James C. Haggerty, a 30-year veteran of the defense bar and arguably one of the most well-known motor vehicle insurance defense attorneys in Pennsylvania, is about to become a plaintiffs lawyer.
Haggerty, along with Bucks County solo attorney Terry Goldberg, have joined Philadelphia-based plaintiffs firm WSK Lawyers.
The firm plans to eventually change its name to Haggerty Goldberg Schleifer & Kupersmith.
Haggerty is currently in the process of tying up loose ends at insurance defense firm Swartz Campbell, where he was a member of the firm's management committee.
Exactly how long that process will take is still unknown at this point, according to WSK Lawyers managing partner Richard T. Kupersmith, but the firm publicly announced its formation on Tuesday at a personal injury lawyers function in Philadelphia.
To understand why Haggerty is making such a drastic transition in his career, one must first understand the circumstances surrounding the formation of this new firm.
Goldberg, Haggerty, Kupersmith and WSK Lawyers partner Charles J. Schleifer sat down with The Legal Intelligencer last week to talk about how a series of personal and professional tribulations brought this unlikely group of attorneys together.
For Schleifer, it all began in November, when former partner Norman J. Weinstein filed suit against the firm in Berks County Common Pleas Court -- the firm began in Reading, Pa., and retains an office there, but considers itself a Philadelphia firm, according to Schleifer -- alleging breach of fiduciary duty and breach of contract, as well as calling for the dissolution of the firm.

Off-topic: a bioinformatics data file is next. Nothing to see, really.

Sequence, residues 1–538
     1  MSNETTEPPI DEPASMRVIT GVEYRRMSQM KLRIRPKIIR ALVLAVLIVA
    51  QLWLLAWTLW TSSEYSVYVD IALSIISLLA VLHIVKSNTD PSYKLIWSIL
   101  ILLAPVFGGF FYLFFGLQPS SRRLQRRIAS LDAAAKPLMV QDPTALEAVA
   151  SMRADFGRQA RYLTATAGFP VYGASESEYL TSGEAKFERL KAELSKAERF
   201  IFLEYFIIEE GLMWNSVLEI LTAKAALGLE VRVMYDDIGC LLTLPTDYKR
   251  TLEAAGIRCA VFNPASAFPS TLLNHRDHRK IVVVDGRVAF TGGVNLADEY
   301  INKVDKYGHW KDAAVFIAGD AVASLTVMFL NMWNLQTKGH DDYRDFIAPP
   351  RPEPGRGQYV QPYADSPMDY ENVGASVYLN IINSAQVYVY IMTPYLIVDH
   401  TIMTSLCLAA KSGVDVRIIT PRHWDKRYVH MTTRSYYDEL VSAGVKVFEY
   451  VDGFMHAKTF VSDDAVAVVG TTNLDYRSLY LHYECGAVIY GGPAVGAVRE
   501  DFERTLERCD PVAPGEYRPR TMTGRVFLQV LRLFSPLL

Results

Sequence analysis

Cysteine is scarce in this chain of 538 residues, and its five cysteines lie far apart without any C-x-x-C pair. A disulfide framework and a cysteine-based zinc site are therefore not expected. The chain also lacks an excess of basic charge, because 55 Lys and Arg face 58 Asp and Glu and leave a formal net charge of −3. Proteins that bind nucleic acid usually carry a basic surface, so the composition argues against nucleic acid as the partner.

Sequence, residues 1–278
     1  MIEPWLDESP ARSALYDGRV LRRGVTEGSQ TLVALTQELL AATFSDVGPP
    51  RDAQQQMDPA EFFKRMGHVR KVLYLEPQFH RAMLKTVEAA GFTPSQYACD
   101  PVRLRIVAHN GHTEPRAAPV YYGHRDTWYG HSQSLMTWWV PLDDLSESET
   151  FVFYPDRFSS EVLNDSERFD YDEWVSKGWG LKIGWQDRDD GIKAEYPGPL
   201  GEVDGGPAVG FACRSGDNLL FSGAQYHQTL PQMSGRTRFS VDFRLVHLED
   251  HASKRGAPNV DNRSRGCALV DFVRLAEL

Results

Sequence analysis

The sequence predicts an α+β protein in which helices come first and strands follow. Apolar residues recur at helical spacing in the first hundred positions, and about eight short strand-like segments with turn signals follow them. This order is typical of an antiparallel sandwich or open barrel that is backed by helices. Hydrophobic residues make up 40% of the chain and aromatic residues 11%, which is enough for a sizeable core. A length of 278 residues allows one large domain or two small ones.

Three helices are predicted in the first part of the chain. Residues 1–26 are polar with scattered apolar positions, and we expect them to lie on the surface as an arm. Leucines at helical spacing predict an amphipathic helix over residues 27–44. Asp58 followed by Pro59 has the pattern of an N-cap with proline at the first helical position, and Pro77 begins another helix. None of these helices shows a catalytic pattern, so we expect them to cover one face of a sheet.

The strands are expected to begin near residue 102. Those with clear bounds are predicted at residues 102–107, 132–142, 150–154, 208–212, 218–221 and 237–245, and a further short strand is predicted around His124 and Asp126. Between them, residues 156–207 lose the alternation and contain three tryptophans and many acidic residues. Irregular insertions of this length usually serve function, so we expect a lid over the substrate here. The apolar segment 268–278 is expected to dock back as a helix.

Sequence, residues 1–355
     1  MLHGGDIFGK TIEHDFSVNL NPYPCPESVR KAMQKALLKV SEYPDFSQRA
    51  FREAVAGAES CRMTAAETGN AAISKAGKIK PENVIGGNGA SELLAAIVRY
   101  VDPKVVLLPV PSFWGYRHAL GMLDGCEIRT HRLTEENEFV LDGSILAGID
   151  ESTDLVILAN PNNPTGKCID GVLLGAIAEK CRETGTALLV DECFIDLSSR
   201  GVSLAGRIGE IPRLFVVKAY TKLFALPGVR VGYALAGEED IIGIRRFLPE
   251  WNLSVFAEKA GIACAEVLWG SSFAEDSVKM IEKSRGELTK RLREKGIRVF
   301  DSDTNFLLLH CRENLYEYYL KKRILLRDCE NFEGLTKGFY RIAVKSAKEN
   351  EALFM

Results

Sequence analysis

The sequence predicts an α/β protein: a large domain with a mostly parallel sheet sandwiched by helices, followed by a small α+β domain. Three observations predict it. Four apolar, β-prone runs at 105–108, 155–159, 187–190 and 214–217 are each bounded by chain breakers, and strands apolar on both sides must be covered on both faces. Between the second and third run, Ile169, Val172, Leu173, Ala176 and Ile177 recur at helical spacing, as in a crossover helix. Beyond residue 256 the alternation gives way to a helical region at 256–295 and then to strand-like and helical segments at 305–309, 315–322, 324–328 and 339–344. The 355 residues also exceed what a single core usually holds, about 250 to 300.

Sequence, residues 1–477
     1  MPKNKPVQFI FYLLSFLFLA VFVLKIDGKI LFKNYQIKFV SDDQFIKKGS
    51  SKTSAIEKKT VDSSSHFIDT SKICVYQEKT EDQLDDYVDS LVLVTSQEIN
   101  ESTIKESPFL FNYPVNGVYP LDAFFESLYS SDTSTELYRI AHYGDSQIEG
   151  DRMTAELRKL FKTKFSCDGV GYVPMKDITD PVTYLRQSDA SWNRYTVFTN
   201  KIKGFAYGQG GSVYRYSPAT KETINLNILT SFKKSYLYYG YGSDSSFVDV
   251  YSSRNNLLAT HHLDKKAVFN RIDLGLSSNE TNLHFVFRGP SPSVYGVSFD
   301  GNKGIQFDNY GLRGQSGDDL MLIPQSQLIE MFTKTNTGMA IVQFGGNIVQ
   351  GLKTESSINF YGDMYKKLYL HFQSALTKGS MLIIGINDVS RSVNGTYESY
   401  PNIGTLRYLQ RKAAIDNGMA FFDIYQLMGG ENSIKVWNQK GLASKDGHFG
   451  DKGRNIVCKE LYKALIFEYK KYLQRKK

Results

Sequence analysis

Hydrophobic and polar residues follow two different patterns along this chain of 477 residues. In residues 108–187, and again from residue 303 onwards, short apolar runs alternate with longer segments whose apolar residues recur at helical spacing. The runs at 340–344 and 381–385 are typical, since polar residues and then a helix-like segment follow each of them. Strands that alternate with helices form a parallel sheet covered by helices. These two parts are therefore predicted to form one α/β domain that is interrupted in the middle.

According to Schleifer, the suit "hit me like a ton of bricks."
"I had 40 people working here and thousands of clients," he said. "Everyone was afraid for their jobs."
The firm responded in March with its own suit against Weinstein in Philadelphia Common Pleas Court, alleging that he had used the firm's money to fund his own side businesses and, upon leaving the firm for Galfand Berger, poached clients and referral sources.
But by then, Schleifer already had an idea for a new firm.
While the major players in complex litigation are well established in Pennsylvania's plaintiffs bar, there has been a "void" in the area of automobile insurance litigation, Schleifer explained.
Schleifer envisioned transforming WSK Lawyers into the "go-to firm" for that type of work -- one that insurance companies couldn't take advantage of.
"'Let's be a firm no one would even dream of doing that to,'" Schleifer recalled thinking.
To accomplish that, however, he would need someone who knows the insurance industry inside and out. Enter Haggerty, a longtime friend who Schleifer said has been "the voice of and face of" the insurance industry in the Pennsylvania legal community for decades.
Schleifer said he had noticed a change in Haggerty following the passing of Haggerty's brother, William, in 2007, following a long bout with brain cancer.
Haggerty and his family began the Bill Haggerty Memorial Invitational Golf Tournament to raise money for the Preston Robert Tisch Brain Tumor Center at Duke University, and Schleifer said he sensed in Haggerty a new passion for giving back.
Speaking to The Legal Intelligencer last week, Haggerty acknowledged that his brother's passing changed his perspective, prompting him to think about spending "the last 10 years or more of my career representing plaintiffs."